Shook Up Shakespeare’s Midsummer Madness brings something a little bit different to this year’s commemorations marking 400 years since Shakespeare’s death. With party games, a rap and an abundance of audience participation, Midsummer Madness is an hour of light-hearted playfulness that touches on elements of the Bard’s work, in a style arguably more suitable for a school audience than adult theatre goers.
Party hats on, we’re showered with sweets and addressed like a group of primary school children before the play has even begun. The gags fly and before we know it, we’re being directed to pass a bowl of sweets amongst us in a game of pass the parcel whereby he or she who has the bowl when the music stops must pick a numbered ball, and a member of the five-strong cast will perform the Shakespearean sonnet that correlates to that number. The fun twist here is that a second bowl is also roaming the audience, with balls dictating the style in which each sonnet must be performed – Google Translate and stage fright being two notably funny examples.
Party games feature heavily throughout Midsummer Madness: we’re divided into team Helena and team Hermia, and encouraged to cheer for our representative like a studio audience, whilst in another moment the cast play at guessing an audience member’s favourite Shakespeare play. One particularly timely game called ‘Star Cross Lovers’ (think ITV’s Love Island with a Shakespearean twist) involves an audience member choosing which Shakespearean character – Beatrice, Adriana, Olivia or Portia – he’d like to date based on a love-themed monologue they recite from each of their respective texts. Shook Up Shakespeare are clearly keen to make Shakespeare accessible to a modern audience, however in doing so, the tomfoolery and egos of their characters detract from the substance of the Bard’s work at times.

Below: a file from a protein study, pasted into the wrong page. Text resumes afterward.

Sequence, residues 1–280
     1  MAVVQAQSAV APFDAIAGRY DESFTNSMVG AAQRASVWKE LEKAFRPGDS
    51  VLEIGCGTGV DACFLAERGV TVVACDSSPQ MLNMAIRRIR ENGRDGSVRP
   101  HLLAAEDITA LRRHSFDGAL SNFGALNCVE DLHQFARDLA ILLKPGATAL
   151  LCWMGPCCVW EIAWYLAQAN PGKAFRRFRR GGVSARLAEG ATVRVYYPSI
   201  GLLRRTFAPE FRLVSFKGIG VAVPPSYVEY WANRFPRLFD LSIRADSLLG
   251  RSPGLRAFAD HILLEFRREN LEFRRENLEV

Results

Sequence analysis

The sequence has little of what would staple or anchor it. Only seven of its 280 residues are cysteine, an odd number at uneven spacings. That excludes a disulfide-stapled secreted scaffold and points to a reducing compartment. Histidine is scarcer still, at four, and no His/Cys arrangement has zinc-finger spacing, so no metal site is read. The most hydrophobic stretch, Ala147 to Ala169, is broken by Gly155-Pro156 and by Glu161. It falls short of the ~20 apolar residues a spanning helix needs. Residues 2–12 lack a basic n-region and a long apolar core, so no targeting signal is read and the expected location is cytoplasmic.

Regardless of their minimal budget, Shook Up Shakespeare’s set and costume design is simple but aesthetically pleasing, with each cast member wearing a different coloured t-shirt correlating to the colour of their stool, Converse trainers and nail polish. The scattering of fairy lights and dripping green ribbon dangling from the studio walls suit the nature of the piece, as does the presentation of the cast list in a candy-coloured paper bag.
Helen Watkinson’s writing and direction is strong, with the rap-like poem about Shakespeare’s plays – performed with gusto by Genevieve Berkeley-Steele – being the piece’s literary highlight. Madelyn Smedley tickles us with her ode to Batman’s Robin, but all five performers bring a slightly different energy to the stage along with the ability to sing in genuinely beautiful harmonies. Watkinson’s decision to reference empowering Shakespearean speeches about women gives the piece relevance, whilst more educational references – which this company are clearly capable of – could make this an exciting piece to tour round young audiences across the UK.
Midsummer Madness is playing the Rosemary Branch Theatre until 19 June 2016. For more information and tickets, see The Rosemary Branch Theatre website.